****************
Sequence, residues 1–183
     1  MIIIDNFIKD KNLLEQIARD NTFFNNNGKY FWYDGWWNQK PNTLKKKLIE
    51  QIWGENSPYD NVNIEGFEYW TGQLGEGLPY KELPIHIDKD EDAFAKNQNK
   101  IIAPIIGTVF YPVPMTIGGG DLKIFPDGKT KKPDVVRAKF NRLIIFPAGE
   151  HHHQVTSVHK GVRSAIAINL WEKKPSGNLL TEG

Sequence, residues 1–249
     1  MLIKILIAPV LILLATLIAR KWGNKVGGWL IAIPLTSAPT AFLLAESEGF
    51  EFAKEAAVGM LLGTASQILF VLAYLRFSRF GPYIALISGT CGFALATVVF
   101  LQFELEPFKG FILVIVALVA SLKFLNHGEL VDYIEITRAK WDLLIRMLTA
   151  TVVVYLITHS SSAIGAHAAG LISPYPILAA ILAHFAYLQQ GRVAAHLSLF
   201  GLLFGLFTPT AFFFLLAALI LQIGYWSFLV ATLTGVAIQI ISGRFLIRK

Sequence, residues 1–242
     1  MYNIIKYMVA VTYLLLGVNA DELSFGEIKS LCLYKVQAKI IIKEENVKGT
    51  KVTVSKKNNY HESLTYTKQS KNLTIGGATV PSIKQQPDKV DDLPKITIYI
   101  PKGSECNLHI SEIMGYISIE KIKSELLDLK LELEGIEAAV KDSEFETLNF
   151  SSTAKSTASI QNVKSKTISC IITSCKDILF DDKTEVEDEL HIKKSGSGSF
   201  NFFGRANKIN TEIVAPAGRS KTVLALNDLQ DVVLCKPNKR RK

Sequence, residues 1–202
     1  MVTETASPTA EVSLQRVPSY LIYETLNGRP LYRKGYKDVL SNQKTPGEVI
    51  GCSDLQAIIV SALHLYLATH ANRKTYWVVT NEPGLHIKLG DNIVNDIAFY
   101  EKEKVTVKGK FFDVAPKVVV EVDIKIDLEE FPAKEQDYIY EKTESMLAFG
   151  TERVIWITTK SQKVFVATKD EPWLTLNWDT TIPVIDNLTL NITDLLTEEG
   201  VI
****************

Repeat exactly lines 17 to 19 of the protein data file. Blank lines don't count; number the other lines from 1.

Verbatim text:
   201  NFFGRANKIN TEIVAPAGRS KTVLALNDLQ DVVLCKPNKR RK

Sequence, residues 1–202
     1  MVTETASPTA EVSLQRVPSY LIYETLNGRP LYRKGYKDVL SNQKTPGEVI